Letter to America by Clara McLean

One Poem

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Ghost Spaces

There is radiance in ghost
spaces, hanging in the air,

a vapor stain. The terns
knew it, circling

above the dead wetland,
tule, sedge and cattail

in one season gone to dust.
Even the yearlings knew it,

shimmer of their summer
tide marsh still rising

through the alkaline
cracks. This is the shape

of things in time.
Vast waterscapes breathed

in the bird heart,
their chemical memory strung

to vagrancy and flux.
The men saw a horizon

clogged with mud and tough
bulrushes, crust

of salt on the stalks,
a haze of nameless insects.

A billion teeming beings did not rush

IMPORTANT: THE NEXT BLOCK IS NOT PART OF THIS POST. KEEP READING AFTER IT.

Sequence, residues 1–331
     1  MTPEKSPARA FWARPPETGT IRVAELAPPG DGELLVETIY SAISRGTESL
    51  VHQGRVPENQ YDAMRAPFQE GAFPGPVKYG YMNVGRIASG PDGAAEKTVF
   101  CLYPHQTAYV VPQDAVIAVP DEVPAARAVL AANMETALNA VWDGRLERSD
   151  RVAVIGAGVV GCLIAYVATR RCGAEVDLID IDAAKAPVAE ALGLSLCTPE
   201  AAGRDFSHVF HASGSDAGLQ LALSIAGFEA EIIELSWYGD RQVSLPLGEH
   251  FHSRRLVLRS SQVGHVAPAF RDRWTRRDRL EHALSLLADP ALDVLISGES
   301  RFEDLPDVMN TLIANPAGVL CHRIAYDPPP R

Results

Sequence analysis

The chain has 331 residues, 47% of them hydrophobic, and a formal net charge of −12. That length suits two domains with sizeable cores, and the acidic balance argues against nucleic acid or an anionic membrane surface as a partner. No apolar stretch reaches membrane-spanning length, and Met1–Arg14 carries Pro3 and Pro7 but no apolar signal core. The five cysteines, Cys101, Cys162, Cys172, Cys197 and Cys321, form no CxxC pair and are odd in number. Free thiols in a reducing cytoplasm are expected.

to greet the railroad, dike and sump.

Their look was elsewhere.
After weeks of soaring, circling,

muscle, hunger,
they dropped from the sky in soft clots

their bones turning to a future
bounty. There is radiance

in ghost spaces that
still breathe and heave and fruit

with dust, shining back,
between tides, between

extinctions, the shapes of things
that were, or may have been.




Clara McLeanClara McLean lives and teaches in the San Francisco Bay Area. Earlier poems have appeared in Bird’s Thumb, By & By, Berkeley Poetry Review, and Foglifter, among others.
Header photo of cracked mud by rafaeleparente, courtesy Pixabay.

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